Does weight loss improve semen quality and reproductive hormones? Results from a cohort of severely obese men. That’s the title of the research article I recently read.
And I learned a new word today – subfecundity.
In this research about how weight loss affects male fertility the authors said “Male obesity has been linked to subfecundity and a dose-response relationship between increasing BMI and subfecundity has been proposed.”
So I thought “What the heck is subfecundity?” Basically it just means subfertility. Okay, got it.
So does body mass index (BMI) correlate to male fertility?
44 men with a median age of 32 were enrolled in a 14-week weight-loss program. The median starting BMI was 44. Wow, so these men were mostly morbidly obese. Obese is when you have a BMI of 30 or greater and morbidly obese is when your BMI is 40 or greater.
Of the 44 who started 27 actually participated in the post-weight loss followup. So this wasn’t a huge study but it’s a pilot and still worth a look.
Before and after the weight loss program, the participants had blood samples drawn, provided semen samples and had clinical examinations.
Being a part of a research study isn’t always the most glamorous of endeavors. “The participants were asked to provide the semen sample by masturbating into a plastic container after at least 48 hours of sexual abstinence. They were instructed to keep the container close to the body, during transportation to the mobile laboratory on the weight loss centre to avoid cooling, and one trained medical laboratory technician performed all initial semen analyses within one hour after collection.”
The authors were able to determine “After adjustment for potential confounders, BMI was inversely associated with sperm concentration, total sperm count, normal sperm morphology, and motile sperm.”
This essentially means that as BMI went up (more obese men) sperm concentration, total sperm count, normal sperm shape, size and activity went down. Another “bonus” for the morbidly-obese men was their total testosterone was lower (not good) and their estradiol (female hormone) was higher (not good).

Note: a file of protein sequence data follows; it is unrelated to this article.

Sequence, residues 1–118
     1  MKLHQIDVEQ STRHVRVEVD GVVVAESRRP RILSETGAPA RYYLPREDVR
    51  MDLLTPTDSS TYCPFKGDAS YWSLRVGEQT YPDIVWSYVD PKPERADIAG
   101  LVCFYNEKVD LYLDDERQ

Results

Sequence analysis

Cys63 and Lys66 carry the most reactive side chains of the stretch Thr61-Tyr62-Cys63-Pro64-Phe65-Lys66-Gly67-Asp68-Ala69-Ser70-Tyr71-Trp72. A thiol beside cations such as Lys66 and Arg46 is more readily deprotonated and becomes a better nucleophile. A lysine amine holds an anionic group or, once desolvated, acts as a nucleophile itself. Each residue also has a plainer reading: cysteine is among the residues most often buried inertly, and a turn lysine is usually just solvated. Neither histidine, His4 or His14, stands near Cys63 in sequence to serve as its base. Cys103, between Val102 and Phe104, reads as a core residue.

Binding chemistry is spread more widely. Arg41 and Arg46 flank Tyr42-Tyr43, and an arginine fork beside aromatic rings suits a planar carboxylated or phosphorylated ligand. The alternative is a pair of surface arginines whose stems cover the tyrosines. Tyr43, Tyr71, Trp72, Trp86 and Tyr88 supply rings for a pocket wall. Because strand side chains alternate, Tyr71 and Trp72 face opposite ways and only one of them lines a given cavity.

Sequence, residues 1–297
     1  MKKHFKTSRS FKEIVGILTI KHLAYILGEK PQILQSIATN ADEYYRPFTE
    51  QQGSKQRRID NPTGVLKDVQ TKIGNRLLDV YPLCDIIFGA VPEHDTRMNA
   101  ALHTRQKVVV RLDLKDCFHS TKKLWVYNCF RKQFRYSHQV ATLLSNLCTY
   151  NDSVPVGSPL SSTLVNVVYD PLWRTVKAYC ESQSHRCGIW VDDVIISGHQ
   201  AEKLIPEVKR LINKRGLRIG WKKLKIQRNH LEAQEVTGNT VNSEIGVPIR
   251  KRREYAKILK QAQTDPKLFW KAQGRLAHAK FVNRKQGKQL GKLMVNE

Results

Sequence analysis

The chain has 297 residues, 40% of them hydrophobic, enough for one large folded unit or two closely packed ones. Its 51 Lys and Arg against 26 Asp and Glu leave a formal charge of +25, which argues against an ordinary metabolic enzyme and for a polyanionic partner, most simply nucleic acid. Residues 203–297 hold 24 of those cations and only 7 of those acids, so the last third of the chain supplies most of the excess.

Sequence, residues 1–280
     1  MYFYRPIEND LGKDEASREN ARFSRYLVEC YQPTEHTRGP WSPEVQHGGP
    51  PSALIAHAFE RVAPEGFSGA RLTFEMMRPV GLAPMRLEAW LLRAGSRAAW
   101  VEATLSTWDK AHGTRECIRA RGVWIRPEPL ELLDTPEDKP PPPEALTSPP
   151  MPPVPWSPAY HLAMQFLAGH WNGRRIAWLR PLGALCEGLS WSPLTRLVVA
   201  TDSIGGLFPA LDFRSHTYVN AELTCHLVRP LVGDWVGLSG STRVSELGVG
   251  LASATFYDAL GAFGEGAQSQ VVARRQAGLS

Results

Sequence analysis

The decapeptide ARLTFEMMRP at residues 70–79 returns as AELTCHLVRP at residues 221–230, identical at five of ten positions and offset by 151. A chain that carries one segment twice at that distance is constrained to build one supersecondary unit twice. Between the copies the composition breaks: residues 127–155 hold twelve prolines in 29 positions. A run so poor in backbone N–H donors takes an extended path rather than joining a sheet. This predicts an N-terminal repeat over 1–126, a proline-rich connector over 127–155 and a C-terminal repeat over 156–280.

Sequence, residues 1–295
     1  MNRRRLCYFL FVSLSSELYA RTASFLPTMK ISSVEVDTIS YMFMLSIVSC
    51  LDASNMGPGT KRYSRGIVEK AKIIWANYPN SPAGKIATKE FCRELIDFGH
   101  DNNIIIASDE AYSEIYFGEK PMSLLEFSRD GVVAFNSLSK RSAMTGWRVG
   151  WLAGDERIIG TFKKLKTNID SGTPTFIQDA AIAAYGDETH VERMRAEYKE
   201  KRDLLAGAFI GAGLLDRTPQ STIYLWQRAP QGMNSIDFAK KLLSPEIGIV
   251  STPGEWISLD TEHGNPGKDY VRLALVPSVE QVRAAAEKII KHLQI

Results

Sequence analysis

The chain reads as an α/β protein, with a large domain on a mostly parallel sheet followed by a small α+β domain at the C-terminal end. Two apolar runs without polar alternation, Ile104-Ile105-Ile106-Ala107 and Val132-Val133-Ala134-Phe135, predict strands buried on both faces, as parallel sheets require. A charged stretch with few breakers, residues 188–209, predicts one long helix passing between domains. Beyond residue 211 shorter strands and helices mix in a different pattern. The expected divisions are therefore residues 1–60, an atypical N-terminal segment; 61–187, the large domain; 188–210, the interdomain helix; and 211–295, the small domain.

Lower testosterone is not good for a variety of reasons. To name a few men who have low testosterone have an increased chance of alzheimers, less mental acuity, increased depression, low sex drive, erectile dysfunction, mood problems, fatigue, sleep disturbances, increased body fat, less muscle mass and lower ability to acquire muscle mass through training. And as the authors of this study state “… testosterone is required in large concentrations to maintain spermatogenesis.” In other words, to create new sperm we need testosterone!
So what happened? Well, the average weight loss was about 15 percent of their body weight. So a 300-pound man lost about 45 pounds in 14 weeks. I say “Nice job!” to the guys for their efforts that’s for sure.
The authors stated “Weight loss was positively associated with an increase in total sperm count and semen volume. “Additionally, the percentage weight loss was associated with an increase in testosterone…”
As always the authors were cautious not to say their study was the end-all be-all. They know it’s not. But overall this study adds more weight to a good deal of other research which supports the general outcome of increased testosterone and improved fecundity (Good! I got to use part of the word again!) when morbidly obese men engage in significant and sustained weight loss.
Guys? It’s just one more reason to shed those extra fat pounds if you’re in the chase to become a Father or you want to actually feel like and be all the man you were meant to be.
Here’s a link to the complete study
Click For Full Study